It wasn't supposed to be like this. Once this infant republic styled the United States of America adopted a new constitution, all would be well. With a single, energetic executive to lead the way, our borders would be secure, our trade protected, our flag respected. A president and commander-in-chief would give the country what it desperately needed: energy in the executive.
Alexander Hamilton explained it in Federalist Paper No. 70 ("The energy of the executive is the bulwark of the national security..."), and so long as the president was George Washington, his thesis would prove perfectly sound, even prophetic. The young republic had finally got a strong hand on the tiller in its first president.
Trusted by all, the old general could solicit the most diametrically opposed counsel -- from Hamilton on one side, Jefferson on the other -- and steer a statesmanlike course between them.
Indeed, the new Constitution had been framed with Washington as the model for its chief executive. And he lived up to expectations. He could withstand outbursts of public reaction against those of his decisions that were as unpopular as they were necessary at the time. For example, Jay's Treaty sealing the peace with Great Britain even at a time of nationalist fervor when anti-British feelings still ran strong.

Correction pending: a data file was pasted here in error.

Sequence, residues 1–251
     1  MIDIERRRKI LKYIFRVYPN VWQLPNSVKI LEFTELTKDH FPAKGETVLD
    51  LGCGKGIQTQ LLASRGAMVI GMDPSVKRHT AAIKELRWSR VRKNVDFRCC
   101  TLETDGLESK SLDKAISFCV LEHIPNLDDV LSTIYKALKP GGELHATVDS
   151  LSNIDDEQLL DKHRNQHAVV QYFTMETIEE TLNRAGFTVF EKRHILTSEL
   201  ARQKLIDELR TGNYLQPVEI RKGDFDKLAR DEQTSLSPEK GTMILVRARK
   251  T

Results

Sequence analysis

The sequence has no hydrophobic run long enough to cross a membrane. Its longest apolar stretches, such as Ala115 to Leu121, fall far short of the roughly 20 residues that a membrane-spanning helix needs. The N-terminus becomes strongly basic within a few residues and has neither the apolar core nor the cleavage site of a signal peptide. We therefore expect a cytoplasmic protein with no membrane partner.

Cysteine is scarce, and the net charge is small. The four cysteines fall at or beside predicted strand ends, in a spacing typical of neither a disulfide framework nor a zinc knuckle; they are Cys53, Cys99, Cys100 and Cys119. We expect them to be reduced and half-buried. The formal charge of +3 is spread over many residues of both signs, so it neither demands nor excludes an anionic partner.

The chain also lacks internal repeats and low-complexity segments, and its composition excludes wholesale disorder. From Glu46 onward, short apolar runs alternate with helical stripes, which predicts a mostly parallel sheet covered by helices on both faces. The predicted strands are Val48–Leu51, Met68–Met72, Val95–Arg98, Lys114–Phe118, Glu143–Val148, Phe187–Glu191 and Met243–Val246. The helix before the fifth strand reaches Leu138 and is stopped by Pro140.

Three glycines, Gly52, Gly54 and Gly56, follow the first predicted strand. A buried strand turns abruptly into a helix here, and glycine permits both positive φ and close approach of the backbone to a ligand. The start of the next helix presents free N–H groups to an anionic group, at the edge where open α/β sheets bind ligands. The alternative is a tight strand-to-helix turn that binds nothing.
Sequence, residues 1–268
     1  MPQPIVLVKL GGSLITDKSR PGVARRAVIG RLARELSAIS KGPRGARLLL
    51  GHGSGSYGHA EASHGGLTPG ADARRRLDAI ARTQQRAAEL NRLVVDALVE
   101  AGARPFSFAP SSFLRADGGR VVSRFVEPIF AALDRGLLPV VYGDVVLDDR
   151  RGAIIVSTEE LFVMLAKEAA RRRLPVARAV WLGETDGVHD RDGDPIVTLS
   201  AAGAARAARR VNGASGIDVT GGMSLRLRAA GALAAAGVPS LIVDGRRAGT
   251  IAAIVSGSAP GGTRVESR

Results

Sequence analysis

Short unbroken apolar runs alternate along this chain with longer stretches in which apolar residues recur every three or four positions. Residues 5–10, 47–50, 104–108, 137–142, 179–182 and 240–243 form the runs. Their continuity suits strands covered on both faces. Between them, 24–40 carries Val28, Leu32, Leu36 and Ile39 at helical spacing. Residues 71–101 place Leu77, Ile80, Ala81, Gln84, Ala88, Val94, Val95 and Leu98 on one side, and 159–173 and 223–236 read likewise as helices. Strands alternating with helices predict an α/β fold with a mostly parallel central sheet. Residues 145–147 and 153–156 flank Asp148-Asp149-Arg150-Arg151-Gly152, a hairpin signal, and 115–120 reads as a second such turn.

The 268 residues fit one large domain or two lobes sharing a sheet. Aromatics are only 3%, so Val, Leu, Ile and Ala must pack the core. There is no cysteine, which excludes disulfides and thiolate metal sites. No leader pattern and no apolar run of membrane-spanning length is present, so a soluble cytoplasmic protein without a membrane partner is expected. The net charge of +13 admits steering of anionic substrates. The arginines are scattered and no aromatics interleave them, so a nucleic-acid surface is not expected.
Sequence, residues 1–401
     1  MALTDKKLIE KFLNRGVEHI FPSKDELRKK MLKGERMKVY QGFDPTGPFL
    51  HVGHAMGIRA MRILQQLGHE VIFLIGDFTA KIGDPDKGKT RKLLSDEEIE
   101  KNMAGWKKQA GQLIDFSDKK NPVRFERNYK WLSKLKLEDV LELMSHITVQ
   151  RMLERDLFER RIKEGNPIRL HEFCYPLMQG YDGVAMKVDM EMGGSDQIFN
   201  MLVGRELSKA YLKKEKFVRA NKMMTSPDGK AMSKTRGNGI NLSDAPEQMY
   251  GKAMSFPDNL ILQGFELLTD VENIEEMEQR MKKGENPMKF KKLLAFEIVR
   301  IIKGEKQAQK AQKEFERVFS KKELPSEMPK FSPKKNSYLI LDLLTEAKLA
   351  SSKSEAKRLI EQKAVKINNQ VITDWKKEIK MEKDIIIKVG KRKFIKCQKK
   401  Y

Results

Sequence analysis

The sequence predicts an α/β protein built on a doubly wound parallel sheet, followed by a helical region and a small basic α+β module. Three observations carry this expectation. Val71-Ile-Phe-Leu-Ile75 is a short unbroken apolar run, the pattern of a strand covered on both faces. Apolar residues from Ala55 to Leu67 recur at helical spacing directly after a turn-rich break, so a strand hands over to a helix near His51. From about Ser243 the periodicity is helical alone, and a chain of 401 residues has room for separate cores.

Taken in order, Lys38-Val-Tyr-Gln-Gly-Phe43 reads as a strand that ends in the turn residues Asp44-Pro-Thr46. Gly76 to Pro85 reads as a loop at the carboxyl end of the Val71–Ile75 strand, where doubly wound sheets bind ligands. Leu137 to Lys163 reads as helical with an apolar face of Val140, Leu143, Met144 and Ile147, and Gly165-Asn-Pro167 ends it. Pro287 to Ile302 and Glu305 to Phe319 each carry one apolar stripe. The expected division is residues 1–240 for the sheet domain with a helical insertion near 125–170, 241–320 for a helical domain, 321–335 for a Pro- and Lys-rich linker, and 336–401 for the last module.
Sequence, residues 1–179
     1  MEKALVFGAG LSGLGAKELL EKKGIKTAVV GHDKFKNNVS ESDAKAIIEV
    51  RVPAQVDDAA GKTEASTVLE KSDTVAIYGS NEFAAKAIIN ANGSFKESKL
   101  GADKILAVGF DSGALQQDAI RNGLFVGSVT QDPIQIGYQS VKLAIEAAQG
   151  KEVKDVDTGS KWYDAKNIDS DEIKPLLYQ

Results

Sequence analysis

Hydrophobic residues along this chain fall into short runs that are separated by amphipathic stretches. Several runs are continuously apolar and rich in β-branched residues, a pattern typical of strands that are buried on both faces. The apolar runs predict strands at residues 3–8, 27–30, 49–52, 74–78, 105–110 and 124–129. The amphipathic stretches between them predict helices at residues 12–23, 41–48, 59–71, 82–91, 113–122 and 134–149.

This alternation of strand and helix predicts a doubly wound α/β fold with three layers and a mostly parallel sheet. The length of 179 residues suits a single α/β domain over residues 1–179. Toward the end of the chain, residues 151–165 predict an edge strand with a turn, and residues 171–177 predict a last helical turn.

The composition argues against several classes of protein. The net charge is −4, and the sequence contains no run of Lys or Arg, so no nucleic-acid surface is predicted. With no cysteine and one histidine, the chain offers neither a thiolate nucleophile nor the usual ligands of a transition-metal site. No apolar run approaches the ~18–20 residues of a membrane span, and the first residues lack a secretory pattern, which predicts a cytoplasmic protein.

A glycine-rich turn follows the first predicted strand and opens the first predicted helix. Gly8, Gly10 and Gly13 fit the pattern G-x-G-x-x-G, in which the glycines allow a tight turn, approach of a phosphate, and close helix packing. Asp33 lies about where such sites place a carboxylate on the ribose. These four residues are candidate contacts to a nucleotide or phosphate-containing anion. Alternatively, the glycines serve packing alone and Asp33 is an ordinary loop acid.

At home, he put down the Whisky Rebellion against the new excises on that popular commodity. He acted decisively yet mercifully, pardoning all once the rebellion was over and order restored.
Washington remained steadfast throughout, exercising a constancy of purpose that served him and his country well, as it always did.
But once Washington and his generation were gone, the Constitution proved a less than perfect guard against the passions of the multitudes. For no system can be any better than those who are in charge of it. Not even the Constitution of the United States, our political bible.
By the time Alexis de Tocqueville was writing his study of "Democracy in America," our French visitor was wondering whether a democracy like ours, or any democracy, was capable of framing and following a coherent foreign policy.
Tocqueville did not deny that a democracy might handle domestic affairs well enough, even superbly. His admiration for this new species called Americans was almost unbounded in that respect. But the conduct of foreign affairs, he argued, required quite different capacities:
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